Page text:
DN-2: Dry Needling for Lumbopelvic & Lower Extremity Conditions: an Evidence-Based Approach (Part 2 of the Certification in Dry Needling)
No prerequisites are needed for this three-day 27-hour course in dry needling; however, registrants must be a licensed physical therapist, osteopath, medical doctor, naturopathic doctor or acupuncturist in their respective state or country. Certification in Dry Needling™ (Cert. DN) will be awarded upon successful completion (i.e. written and practical examination) of both the DN-1 & DN-2 courses, giving 54 hours of hands-on dry needling education in total. Note: DN-2 may be taken before DN-1 as each course covers different bodily regions.
Participants will learn superficial and deep dry needling techniques for the treatment of lumbopelvic and lower extremity musculoskeletal conditions. This course does include, but is not limited to, needling of taut bands of muscle (i.e. trigger points) as originally introduced by Travell & Simons. That is, peri-neural needling and needle puncture of tendons, ligaments, musculotendinous junctions, teno-osseus junctions, and bone (“periosteal pecking”) will also be taught as essential components of musculoskeletal needling practice. More specifically, peri-neural and peri-vascular needling will be instructed for the purpose of improving microcirculation and disrupting fibrosis in chronic neurogenic pain syndromes. Dry needling is certainly a lot more than sticking needles in trigger points!
Dry needling will be taught within the framework of western musculoskeletal diagnoses, not within the theoretical framework of traditional Chinese medicine (TCM), and not for the purpose of altering the flow of Qi or energy along traditional Chinese meridians. More specifically, the participant will learn evidence-based guidelines, recommended “point” locations, and dosages for the use of dry needling in the treatment of specific neuromusculoskeletal conditions (not just individual muscles!) including: mechanical low back pain, multifidus dysfunction, primary piriformis syndrome, acute lumbar radiculopathy (“sciatica”), hip dysfunction, knee osteoarthritis, patellofemoral pain syndrome, medial collateral ligament injuries, “shin splints”, ankle “sprains”, Achilles tendinosis, and plantar fasciitis. In addition, the most recent evidence underpinning the mechanical, hypoalgesic (central, segmental, peripheral), neurophysiologic, chemical, and hormonal effects of dry needling will be presented.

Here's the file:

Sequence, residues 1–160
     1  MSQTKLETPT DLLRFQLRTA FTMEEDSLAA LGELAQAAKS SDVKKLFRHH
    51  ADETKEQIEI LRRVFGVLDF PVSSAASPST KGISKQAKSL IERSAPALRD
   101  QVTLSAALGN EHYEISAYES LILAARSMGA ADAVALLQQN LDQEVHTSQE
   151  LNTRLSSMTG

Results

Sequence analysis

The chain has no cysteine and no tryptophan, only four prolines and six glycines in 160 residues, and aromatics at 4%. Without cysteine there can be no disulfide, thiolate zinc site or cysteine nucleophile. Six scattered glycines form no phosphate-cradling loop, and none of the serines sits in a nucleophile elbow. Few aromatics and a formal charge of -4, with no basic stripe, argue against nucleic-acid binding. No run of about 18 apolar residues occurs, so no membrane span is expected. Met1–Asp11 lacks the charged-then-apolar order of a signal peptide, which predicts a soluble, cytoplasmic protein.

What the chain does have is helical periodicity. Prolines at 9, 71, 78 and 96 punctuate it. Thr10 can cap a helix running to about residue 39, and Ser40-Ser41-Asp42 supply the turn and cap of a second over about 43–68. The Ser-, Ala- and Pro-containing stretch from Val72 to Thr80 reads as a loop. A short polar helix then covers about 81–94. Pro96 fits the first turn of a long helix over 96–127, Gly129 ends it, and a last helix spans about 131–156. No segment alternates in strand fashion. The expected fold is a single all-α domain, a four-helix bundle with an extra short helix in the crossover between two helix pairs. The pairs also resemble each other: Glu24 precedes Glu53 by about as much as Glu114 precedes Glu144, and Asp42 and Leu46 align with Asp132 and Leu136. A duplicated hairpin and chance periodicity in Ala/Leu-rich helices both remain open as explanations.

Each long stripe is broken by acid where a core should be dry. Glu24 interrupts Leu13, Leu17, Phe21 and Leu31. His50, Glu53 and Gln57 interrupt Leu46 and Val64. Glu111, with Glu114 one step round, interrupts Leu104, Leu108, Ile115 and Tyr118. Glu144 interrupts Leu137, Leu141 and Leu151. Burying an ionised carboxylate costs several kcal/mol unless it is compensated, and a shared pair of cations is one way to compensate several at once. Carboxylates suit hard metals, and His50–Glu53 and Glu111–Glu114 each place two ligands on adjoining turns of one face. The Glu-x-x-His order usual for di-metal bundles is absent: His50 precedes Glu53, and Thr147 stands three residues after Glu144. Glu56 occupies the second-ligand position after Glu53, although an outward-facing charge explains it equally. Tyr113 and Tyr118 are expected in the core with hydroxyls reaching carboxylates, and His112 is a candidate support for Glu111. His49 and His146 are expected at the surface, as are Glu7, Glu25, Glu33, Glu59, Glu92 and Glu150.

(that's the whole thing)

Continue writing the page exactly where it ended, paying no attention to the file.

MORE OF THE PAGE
Brain imaging studies have demonstrated that needling of “key” distal points (not trigger points), that are not “onsite” with the patient’s symptoms, stimulates the descending pain inhibitory systems or cortical areas of the brain that are involved in pain control. Furthermore, much of the literature that “dry needling” draws from uses the term “acupuncture” in its title, and many of these studies have used both traditional acupuncture points and myofascial trigger points in their treatment regimes. Thus, a foundational knowledge of the nomenclature and the location of several key traditional acupuncture points will be taught on this course to help the clinician understand and interpret the existing biomedical acupuncture and dry needling literature within the context of neuromusculoskeletal conditions. However, this course in dry needling does not constitute training, of any kind, in the practice of traditional Chinese acupuncture or Oriental Medicine. More specifically, this course does not teach participants to needle acupuncture points on traditional Chinese meridians.
For the management of lumbopelvic and lower extremity pain syndromes, dry needling will be taught as one part of the treatment package, but not the only part. That is, there is high quality evidence that spinal manipulation has a clinically relevant effect on pain and disability in patients with acute and chronic low back pain (Rubinstein et al, 2011; Standaert et al, 2011; UK BEAM Trial, 2004); furthermore, patients with low back pain who do not receive lumbopelvic HVLA thrust manipulation as part of the treatment package are 8 times more likely to experience a worsening in disability than those patients who do receive spinal manipulation (Childs et al, 2007). Additionally, HVLA thrust manipulation of the sacrum has been found to increase the strength and basal tonus of the pelvic floor muscles (Almeida et al, 2010); and sacroiliac joint manipulation has been shown to improve the feed-forward activation timing of the transverse abdominus muscle (Marshall & Murphy, 2006).
Nevertheless, within the emerging literature, the combination of spinal manipulation and dry needling is showing the most promise for “best practice” models in a variety of musculoskeletal conditions. This is the “Osteopractic” approach in essence—the combination of spinal manipulation (SMT-1, SMT-2, SMT-3 & SMT-4), extremity manipulation (EMT-1), and dry needling (DN-1 & DN-2) for the evidence-based treatment of neuromusculoskeletal conditions.